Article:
Sanger Sequencing And Confirmation

This novel heterozygous deletion; c.1427delC, p.Pro476Leufs*6 in MSH2 gene was confirmed by Sanger sequencing in proband and among all the affected family members in this family (Figure 2).


Here, we identified a five generation Chinese family with LS. After proper clinical diagnosis, genetics screening has been done by targeted next generation sequencing and confirmatory Sanger sequencing. Targeted next generation sequencing and Sanger sequencing identified a heterozygous novel single nucleotide deletion (c.1427delC, p.Pro476Leufs*6) [NCBI Reference sequence NM_000251] in the human MSH2 gene in the proband (IV-31) and in all the affected family members in this Chinese family. This heterozygous novel deletion of MSH2 gene has not presented in the ExAC database. This deletion finally results in the formation of truncated MSH2 protein (p.Pro476Leufs*6) by the formation of a premature termination codon (Figure 2). The structural effect of this mutation has been schematically showed in (Figure 3).

Figure 2.


Figure 3.


The function of DNA mismatch repair genes and its correlations with the human disease is very significant. Germline mutations in the human homologue of the bacteria mutS gene (MSH2) predispose individuals to Lynch syndrome Wang et al. [14]; Pérez-Cabornero et al. [15]. DNA mismatch repair (MMR) genes are following a highly conserved biological pathway playing a significant role in maintaining genomic stability. However, primary function of MMR gene is to repairing base-base mismatches and insertion/deletion mispairs generated during DNA replication and recombination. Furthermore, recently it has been reported that MMR gene also plays a key role in homologous recombination and in DNA damage signaling in eukaryotic cells. Germline truncated mutation of MMR leads to the formation of a non-functional MMR protein which finally results into genome-wide instability, increase the spontaneous mutation rate, predisposition to certain types of cancer including lynch syndrome, resistance to certain chemotherapeutic agents, and abnormalities in meiosis and sterility in mammalian systems Baglietto et al. [16].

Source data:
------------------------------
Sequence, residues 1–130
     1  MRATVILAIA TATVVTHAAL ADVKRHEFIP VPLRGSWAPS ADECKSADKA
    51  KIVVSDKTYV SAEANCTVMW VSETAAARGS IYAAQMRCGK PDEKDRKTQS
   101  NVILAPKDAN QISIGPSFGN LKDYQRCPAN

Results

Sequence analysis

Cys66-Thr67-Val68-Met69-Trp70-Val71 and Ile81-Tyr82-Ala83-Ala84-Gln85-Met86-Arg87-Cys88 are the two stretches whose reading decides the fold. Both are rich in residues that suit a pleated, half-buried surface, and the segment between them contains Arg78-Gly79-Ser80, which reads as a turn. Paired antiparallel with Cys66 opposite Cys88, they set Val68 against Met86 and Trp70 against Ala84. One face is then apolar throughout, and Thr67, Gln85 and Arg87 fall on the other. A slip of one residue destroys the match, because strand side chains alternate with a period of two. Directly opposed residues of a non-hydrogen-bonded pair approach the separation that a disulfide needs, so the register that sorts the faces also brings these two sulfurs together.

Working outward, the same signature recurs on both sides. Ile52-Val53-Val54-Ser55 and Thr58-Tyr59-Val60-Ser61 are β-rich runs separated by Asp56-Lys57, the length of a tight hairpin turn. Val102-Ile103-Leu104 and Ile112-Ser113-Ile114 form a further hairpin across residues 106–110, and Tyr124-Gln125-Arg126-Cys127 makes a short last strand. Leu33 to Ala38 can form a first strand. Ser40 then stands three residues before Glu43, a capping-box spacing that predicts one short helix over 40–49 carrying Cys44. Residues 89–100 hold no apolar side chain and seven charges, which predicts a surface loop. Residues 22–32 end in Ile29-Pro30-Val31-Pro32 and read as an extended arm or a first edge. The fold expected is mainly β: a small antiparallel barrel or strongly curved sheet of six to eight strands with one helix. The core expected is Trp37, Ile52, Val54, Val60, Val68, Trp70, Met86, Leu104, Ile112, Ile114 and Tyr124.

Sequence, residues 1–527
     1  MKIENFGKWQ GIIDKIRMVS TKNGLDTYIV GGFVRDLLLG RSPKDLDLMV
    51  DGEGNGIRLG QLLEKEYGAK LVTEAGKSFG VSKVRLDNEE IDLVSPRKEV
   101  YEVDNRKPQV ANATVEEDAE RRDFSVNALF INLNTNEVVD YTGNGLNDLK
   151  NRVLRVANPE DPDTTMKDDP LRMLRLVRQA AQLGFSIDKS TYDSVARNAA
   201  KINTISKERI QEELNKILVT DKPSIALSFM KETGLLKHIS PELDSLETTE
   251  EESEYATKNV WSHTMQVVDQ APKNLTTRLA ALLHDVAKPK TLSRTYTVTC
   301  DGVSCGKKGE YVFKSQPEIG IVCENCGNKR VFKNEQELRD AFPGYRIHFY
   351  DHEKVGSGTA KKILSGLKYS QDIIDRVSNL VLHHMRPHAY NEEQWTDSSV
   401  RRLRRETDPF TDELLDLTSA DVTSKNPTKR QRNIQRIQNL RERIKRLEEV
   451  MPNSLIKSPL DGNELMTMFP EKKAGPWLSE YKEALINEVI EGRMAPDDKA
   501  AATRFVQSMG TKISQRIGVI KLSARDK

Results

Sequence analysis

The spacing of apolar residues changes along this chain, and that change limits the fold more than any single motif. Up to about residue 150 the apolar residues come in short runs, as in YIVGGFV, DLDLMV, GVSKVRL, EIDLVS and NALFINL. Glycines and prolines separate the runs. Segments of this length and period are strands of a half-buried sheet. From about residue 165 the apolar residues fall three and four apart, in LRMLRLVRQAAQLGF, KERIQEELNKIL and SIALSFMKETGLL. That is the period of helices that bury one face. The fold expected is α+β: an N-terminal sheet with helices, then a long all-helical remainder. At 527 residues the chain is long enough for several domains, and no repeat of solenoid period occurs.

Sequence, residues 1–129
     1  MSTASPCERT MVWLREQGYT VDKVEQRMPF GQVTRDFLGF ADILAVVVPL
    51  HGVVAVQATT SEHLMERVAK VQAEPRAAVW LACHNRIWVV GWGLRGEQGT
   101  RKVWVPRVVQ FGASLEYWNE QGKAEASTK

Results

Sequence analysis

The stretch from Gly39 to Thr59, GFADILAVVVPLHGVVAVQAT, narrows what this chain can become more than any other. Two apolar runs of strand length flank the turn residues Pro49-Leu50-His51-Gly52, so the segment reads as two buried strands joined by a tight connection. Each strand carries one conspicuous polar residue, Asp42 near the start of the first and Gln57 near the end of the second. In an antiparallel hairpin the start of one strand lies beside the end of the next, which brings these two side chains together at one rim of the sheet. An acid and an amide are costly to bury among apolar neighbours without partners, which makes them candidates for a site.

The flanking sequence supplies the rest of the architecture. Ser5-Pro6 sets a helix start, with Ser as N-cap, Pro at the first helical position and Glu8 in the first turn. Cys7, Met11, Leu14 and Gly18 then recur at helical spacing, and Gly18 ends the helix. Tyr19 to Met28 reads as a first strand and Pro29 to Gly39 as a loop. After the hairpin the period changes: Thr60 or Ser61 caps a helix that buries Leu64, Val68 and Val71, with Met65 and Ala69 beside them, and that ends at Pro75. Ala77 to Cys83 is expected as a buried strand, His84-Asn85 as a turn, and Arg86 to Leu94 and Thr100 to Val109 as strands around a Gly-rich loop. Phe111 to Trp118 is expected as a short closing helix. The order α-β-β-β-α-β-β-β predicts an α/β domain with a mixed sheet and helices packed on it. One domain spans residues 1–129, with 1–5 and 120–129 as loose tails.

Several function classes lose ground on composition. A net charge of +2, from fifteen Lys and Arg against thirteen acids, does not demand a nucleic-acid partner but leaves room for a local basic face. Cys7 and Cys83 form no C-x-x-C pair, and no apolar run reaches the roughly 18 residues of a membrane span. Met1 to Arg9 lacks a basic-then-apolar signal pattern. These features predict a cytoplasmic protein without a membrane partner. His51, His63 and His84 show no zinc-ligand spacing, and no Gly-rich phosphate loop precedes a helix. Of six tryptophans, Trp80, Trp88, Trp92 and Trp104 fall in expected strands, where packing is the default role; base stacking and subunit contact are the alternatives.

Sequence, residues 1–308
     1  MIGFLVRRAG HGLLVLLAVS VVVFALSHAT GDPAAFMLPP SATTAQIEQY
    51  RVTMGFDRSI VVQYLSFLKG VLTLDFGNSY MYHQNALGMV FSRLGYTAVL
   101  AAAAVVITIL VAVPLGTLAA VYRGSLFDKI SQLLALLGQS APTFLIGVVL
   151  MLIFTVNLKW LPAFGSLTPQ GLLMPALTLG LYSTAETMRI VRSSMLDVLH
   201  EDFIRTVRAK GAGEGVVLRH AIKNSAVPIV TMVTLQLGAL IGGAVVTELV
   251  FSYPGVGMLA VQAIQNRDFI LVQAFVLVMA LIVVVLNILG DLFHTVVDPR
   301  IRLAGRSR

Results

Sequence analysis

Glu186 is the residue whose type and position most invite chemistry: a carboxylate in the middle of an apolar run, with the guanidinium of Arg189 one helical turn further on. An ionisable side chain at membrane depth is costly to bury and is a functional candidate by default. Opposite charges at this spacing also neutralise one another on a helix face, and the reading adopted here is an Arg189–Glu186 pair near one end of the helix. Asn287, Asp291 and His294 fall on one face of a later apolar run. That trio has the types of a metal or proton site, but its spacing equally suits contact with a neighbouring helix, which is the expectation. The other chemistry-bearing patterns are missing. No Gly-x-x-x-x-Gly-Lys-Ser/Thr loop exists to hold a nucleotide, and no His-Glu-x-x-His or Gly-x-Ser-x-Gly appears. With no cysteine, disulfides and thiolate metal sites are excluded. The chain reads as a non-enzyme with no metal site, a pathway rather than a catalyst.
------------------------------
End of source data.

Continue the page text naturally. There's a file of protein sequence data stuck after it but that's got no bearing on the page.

According to recent reports it has been showed that LS patients with germline MSH2 mutations used to develop extracolonic cancers while LS patients with MLH1 mutations never develop extracolonic manifestations Lucía Pérez et al. [15]. In addition, LS patients with MSH6 mutations have the highest risk of developing endometrial cancer Lucía Pérez et al. [15]. In South-East Asia, LS patients are usually developed endometrial and stomach cancer Li [17]. In LS patients with MSH2 germline mutations, the lifetime risk of developing colorectal cancer is ranging between 57 % - 80 % Bonadona et al. [18]; Vasen et al. [10]. Lynch syndrome is caused by the germline mutations of MSH2 gene. Most of the reported mutations of MSH2 gene were leading to the formation of truncated MSH2 protein Li [17] ; Bakry et al. [19]. Presently, in world population, 5327 sequence variants of the MSH2 gene have been reported. Among all reported pathogenic mutations of the MSH2 gene, missense, nonsense and deletion mutations are the major types. In Chinese population, till now, 119 pathogenic mutations in MSH2 gene has been reported In conclusion, our present study identified a five generation Chinese family with LS. Proband and all the affected family members are harboring a heterozygous novel single nucleotide deletion in MSH2 gene. Our study not only expands the spectrum of the germline mutations of MSH2 gene in the Chinese population but also establish again the significance of targeted next generation sequencing for identifying candidate mutations in patients with LS. Moreover, our present finding also contributes to a database of germline mutations in MSH2 gene which is very significant in future for proper clinical diagnosis, easy molecular genetic screening patients with LS.